What I did not know was exactly how long the walk was going to be and I really did not expect the train tracks to fork half way to the town. When we got to the fork in the tracks, we made our best educational guess and went with it. After a half an hour or so, we were starting to get a little worried we were unable to see any signs of the buildings in the town.

The Train tracks are still very active.

Out of no where, an older woman dressed in worn out dirty but warm looking garb riding an old beat-up bike along the tracks came toward us. Jon and I looked at each other wondering where in the heck did she come from. Before she passed us, we yelled at her if she knew where Drawbridge was. She didn't stop but she did yell back at us that we had another 1 to 2 miles to go. It was one of those out of the world weird moments that just does not sit well in your stomach. Jon and I teased each other about how she was a ghost from Drawbridge guiding us to our demise. Guys are cruel sometimes. I felt like a 10 year old trying to scare my buddy with ghost stories. Whoever gave the most outrages, horrifying, graphic story wins but in the end we end up both scared.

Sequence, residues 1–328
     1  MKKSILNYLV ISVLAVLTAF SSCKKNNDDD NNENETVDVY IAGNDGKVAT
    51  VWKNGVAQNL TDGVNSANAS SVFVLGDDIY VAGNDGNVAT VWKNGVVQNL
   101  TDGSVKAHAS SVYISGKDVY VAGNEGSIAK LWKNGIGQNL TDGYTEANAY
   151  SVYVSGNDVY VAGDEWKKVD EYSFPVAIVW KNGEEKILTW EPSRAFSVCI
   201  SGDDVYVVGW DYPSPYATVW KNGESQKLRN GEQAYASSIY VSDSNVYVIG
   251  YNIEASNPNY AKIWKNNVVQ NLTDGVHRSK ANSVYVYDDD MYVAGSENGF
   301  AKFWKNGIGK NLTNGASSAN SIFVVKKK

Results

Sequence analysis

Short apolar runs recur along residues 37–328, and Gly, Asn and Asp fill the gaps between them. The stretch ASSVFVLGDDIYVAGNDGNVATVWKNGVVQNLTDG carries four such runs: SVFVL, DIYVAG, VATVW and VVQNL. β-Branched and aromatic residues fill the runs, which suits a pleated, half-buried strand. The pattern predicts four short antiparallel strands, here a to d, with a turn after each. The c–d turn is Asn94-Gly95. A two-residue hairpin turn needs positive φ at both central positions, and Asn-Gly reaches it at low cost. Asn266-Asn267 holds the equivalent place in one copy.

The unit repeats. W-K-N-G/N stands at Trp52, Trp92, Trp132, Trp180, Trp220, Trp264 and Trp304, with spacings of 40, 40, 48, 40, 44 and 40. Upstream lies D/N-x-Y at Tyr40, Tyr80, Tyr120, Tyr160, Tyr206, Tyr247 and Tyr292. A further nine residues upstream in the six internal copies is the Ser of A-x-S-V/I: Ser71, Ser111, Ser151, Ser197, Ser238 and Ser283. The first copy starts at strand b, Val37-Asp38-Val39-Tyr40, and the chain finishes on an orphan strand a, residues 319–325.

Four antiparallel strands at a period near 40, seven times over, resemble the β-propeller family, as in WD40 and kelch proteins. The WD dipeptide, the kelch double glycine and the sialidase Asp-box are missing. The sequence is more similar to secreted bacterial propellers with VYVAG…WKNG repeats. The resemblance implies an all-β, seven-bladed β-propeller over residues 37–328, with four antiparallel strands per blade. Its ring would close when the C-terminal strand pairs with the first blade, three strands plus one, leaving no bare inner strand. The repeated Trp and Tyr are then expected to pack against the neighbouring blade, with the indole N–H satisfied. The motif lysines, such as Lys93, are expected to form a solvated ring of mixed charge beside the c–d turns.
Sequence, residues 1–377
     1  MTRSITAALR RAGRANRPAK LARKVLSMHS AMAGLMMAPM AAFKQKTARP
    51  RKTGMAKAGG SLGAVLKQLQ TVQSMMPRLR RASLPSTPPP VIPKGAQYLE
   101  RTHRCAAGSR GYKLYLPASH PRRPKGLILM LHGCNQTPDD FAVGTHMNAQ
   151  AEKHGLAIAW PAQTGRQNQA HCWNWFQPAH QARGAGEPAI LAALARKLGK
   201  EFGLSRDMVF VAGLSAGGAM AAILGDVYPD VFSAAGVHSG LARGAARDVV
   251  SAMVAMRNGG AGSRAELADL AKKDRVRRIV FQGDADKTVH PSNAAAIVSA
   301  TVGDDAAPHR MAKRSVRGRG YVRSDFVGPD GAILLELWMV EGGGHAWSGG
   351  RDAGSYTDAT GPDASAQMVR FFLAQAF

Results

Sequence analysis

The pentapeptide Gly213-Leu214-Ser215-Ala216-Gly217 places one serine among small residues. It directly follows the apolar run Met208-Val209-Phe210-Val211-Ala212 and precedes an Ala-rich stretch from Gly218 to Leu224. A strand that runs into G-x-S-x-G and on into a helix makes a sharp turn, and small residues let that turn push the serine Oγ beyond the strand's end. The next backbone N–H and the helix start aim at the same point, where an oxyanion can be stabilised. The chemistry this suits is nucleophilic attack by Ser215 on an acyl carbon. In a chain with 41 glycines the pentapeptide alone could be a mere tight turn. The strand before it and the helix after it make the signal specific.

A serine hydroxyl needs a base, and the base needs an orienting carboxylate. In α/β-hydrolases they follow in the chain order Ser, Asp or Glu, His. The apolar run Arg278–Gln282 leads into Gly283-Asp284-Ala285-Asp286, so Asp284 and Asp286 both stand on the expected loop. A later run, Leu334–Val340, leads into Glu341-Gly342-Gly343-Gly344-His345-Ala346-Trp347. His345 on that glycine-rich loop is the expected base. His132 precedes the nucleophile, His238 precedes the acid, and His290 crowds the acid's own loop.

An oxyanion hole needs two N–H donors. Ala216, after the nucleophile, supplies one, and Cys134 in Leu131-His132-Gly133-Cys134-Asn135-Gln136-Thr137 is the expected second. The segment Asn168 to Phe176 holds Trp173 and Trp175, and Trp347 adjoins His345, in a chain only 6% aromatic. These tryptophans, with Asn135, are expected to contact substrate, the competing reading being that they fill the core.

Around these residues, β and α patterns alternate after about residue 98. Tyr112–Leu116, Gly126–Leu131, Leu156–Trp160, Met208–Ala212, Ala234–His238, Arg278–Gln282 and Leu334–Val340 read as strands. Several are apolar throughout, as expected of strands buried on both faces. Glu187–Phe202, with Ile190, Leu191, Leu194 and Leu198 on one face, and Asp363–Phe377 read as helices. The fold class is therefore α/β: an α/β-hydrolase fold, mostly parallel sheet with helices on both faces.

The time went by quickly and it was getting late. Our light was becoming low which is a problem since we both did not bring a tripod. By the time we finally saw some of the dilapidated structures, the light was almost too low to shot hand held. I managed to take only a couple of shots but nothing that I had previously envisioned. But what the heck, I finally at least know how to get here and how long it takes.

Here are some of the few pictures I did take.

Jon and I started to make our way back when we realized after staring at the sun set to take a few shots that there is no light out where we were. I mean NO light. It was a moonless night and the city lights did not reach where we were. The walk back was all done by feel after a mile or so since we could barely see our feet.

My only color picture of the day. I could never pass up a beautiful sunset. Of course we were going to pay for this picture very soon.